Equity and Justice
Practicing equity helps address imbalanced social systems. However, justice can take equity one step further by changing societal systems in order to achieve sustainable and equitable access for future generations in the long-term.
What are Examples of Equity?
- 1) Leaders in the National Capital Area host an information meeting for all community members on the COVID-19 pandemic, testing, vaccinations and more. They host this event multiple times in different languages including English, Spanish and Korean to serve all major populations. This way, everyone hears the same information in their native or primary language.
- 2) Low-income students in a Prince George’s County neighborhood do not have access to the internet and don’t own computers, making it difficult for them to complete lessons and homework assignments through their school’s virtual, at-home school year during the pandemic. On the other hand, other students throughout the county have affordable access to Wi-Fi, laptops and other needed digital tools to succeed in school. A local nonprofit sees this data and allocates funds to supply the students without internet access with Wi-Fi hotspots and laptops but does not give hotspots or laptops to the students who already have access to these tools. Now, all students have the tools they need in order to succeed in a virtual learning environment.
What are Examples of Equality?
Let’s look at the same situations we noted in the section above, but instead of finding equitable outcomes, we’ll describe what they would look like if equality had been the focus.
1) Leaders in the National Capital Area host an information meeting for all community members on the COVID-19 pandemic, testing, vaccinations and more. They only host the meeting once, and it is only held in the English language. There are no translators or separate meetings for residents who do not speak English or speak English as a second language, isolating a large population of the National Capital Area from receiving important and potentially life-saving health information.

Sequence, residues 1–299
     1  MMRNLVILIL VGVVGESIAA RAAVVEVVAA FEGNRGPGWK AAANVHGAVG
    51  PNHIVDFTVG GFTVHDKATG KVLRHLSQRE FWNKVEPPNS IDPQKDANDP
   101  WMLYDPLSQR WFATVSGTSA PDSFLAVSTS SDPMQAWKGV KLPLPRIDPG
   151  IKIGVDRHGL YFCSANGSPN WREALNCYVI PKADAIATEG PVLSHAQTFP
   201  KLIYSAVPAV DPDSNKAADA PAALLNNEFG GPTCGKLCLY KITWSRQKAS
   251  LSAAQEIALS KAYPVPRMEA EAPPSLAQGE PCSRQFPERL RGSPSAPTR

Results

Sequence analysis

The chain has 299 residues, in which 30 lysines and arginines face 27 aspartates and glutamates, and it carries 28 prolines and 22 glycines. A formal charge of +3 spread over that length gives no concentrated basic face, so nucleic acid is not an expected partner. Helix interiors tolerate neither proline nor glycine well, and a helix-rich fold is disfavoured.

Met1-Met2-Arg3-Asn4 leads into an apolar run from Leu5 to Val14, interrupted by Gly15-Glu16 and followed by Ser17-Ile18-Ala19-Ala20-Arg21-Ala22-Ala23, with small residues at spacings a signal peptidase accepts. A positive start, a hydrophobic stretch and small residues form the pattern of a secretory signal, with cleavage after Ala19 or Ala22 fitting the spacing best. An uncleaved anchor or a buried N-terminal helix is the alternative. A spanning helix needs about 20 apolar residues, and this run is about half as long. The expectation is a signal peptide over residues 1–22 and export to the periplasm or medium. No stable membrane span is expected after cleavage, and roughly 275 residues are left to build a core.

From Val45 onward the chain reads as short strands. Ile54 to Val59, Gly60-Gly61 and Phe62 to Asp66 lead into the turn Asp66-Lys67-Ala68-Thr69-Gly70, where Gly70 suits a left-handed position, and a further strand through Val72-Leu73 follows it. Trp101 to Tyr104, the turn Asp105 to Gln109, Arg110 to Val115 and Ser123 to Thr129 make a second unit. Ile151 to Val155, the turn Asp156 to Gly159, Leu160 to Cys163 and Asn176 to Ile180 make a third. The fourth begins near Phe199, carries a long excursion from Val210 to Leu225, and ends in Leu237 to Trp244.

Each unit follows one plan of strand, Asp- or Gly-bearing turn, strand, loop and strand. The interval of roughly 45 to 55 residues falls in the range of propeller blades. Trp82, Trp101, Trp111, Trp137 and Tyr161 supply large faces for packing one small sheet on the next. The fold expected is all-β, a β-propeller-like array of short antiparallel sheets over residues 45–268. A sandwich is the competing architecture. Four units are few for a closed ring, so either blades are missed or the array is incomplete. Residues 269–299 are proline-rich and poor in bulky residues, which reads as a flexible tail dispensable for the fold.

2) Low-income students in a Prince George’s County neighborhood do not have access to the internet and don’t own computers, making it difficult for them to complete lessons and homework assignments through their school’s virtual, at-home school year during the pandemic. On the other hand, other students throughout the county have affordable access to Wi-Fi, laptops and other needed digital tools to succeed in school. A local nonprofit allocates funds to give each student in the county a laptop, but because they do not have enough funds to supply both laptops and hotspots to every student, they are unable to provide any student with a Wi-Fi hotspot. The students that did not have internet access beforehand in their homes now have a laptop but still cannot access their school’s virtual classrooms and therefore miss lessons and homework assignments throughout the school year.
How is United Way NCA Improving Equity?
United Way of the National Capital Area believes everyone deserves hope, respect and a fair chance. That’s why we’re creating a more equitable future for all community members by breaking down barriers in health, education and economic opportunity. Understand our difference by reading our community impact stories, then learn more about our programs below.